The networks are running a riveting 911 call audio tape of an elderly woman describing in detail the efforts, for over ten minutes, of an intruder to gain entry to her home.
“They need to hurry. He’s going to break this thing open. When he does, I’ll have to kill him and I don’t want to kill him,” Jackson said during the 911 call.
Gun in hand, she asks the dispatcher for guidance, essentially seeking legal advice. Can she kill him? The dispatcher seeks counsel from a colleague and in essence, gives her the go-ahead to use lethal force and potentially take his life if he gains entry.
And he gone done it.
Using patio furniture to smash through a window, convicted felon Billy Dean Riley didn’t realize he just brought a lawn chair to a gun fight.
“Once he smashed the glass out he stepped into the residence and she used the shotgun to fire one shot which hit the intruder center of the chest and (he) fell back out of the house”
He be dead.
Is she in trouble?
Many states including Oklahoma have adopted the “Castle Doctrine” which essentially stipulates a homeowner can defend his or her home from an intruder with deadly force and can deliberately shoot to kill without legal consequence (save the resultant need for carpet cleaning).
A Castle Doctrine (also known as a Castle Law or a Defense of Habitation Law) is an legal doctrine that arose from English Common Law that designates one’s place of residence (or, in some states, any place legally occupied, such as one’s car or place of work) as a place in which one enjoys protection from illegal trespassing and violent attack. It then goes on to give a person the legal right to use deadly force to defend that place (his/her “Castle”), and/or any other innocent persons legally inside it, from violent attack or an intrusion which may lead to violent attack. In a legal context, therefore, use of deadly force which actually results in death may be defended as “Justifiable homicide” under the Castle Doctrine.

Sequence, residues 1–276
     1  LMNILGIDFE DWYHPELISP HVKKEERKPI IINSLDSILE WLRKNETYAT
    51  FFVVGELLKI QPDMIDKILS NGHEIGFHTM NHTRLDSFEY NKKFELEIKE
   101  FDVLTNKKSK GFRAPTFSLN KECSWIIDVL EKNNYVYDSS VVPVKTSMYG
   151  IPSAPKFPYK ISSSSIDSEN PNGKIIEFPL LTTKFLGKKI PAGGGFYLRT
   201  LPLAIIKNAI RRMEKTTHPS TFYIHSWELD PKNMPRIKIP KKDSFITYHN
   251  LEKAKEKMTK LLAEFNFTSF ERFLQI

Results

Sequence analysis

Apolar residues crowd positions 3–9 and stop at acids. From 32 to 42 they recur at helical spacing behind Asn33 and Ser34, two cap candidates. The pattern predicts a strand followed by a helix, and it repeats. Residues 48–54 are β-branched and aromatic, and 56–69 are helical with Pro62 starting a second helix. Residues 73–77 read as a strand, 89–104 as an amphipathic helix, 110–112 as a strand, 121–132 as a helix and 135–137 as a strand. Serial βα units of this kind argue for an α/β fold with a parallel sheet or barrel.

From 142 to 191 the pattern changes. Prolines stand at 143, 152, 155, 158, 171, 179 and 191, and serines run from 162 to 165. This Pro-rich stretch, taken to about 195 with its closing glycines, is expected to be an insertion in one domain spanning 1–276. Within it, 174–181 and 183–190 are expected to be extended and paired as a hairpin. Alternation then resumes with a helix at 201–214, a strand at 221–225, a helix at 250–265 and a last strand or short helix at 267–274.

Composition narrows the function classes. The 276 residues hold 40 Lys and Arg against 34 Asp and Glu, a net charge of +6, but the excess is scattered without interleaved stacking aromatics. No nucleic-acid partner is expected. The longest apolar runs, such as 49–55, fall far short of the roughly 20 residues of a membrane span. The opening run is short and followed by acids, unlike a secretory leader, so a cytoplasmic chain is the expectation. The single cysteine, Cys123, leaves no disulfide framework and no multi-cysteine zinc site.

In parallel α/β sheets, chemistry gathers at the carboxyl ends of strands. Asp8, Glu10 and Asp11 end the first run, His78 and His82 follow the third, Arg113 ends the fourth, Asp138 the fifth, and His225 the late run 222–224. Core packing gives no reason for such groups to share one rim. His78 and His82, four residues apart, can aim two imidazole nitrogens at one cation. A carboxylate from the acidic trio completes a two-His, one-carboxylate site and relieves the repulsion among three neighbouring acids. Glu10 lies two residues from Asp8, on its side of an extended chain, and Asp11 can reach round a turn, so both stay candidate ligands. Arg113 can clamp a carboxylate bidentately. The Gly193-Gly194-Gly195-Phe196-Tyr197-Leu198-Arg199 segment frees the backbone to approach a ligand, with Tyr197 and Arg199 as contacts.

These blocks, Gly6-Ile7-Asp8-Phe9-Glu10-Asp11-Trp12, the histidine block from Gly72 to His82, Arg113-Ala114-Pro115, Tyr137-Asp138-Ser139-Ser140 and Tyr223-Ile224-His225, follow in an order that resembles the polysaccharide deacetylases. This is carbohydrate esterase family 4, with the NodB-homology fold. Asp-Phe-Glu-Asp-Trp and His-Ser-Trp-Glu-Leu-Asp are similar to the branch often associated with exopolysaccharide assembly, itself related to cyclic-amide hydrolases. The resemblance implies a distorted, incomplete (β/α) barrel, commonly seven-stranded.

Oklahoma happens to be a “Castle State,” while others have a “duty to retreat” clause wherein the homeowner has a duty to get out of the way of the would-be offender, others grant the homeowner a “stand your ground” clause. I was curious as to the Status of Minnesota.
The intentional taking of the life of another is not authorized by section 609.06, except when necessary in resisting or preventing an offense which the actor reasonably believes exposes the actor or another to great bodily harm or death, or preventing the commission of a felony in the actor’s place of abode.
Minnesota as it were, is a stand your ground state as long as you are in your home. It gets murky outside the home and in public areas, despite attempts to strengthen the law in the interest of would-be victims of violent crimes.
Hmm. I wonder if one’s comment section is considered a place legally “occupied” by the owner and as such…uh, never mind.
MITCH ADDS: Er, not so fast here. Minnesota’s law is incredibly murky in this area One of the elements of an affirmative self-defense claim in Minnesota is that the home-owner has to make every reasonable effort to disengage and de-escalate, where “reasonable” means ‘would convince a jury”. How reasonable is “reasonable?” It depends on how zealously anti-gun your local prosecutor is. In Granite Falls, a simple “go away, I have a gun” might get you off. In Saint Paul, fleeing your attacker until you’re in the very last closet in the very furthest room from the burglar’s entry point might be enough to keep the prosecutor off your back, but that’s no guarantee; the prosecutor might maintain that if you’d actually given the burglar your gun and kids, he’d have gone away and you’d have averted a fatal shooting. The jury might or might not be another thing – but that means a trial, which means hiring a defense attorney and burning up a whole lot of money.
Rep. Tony Cornish proposed a “stand your ground” bill in the ’07 legislature, back when the grownups still controlled one chamber in the legislature. It got completely slandered by the ill-informed, in-the-bag media, which called it a “shoot first” bill; has anyone considered the ramifications of shooting second, by the way? Anyway – a stand your ground law would be a good thing; it’d define how far you have to back down on your own property, instead of leaving it up to prosecutors’ discretion.
It’s yet another reason we need to win the legislature back this year.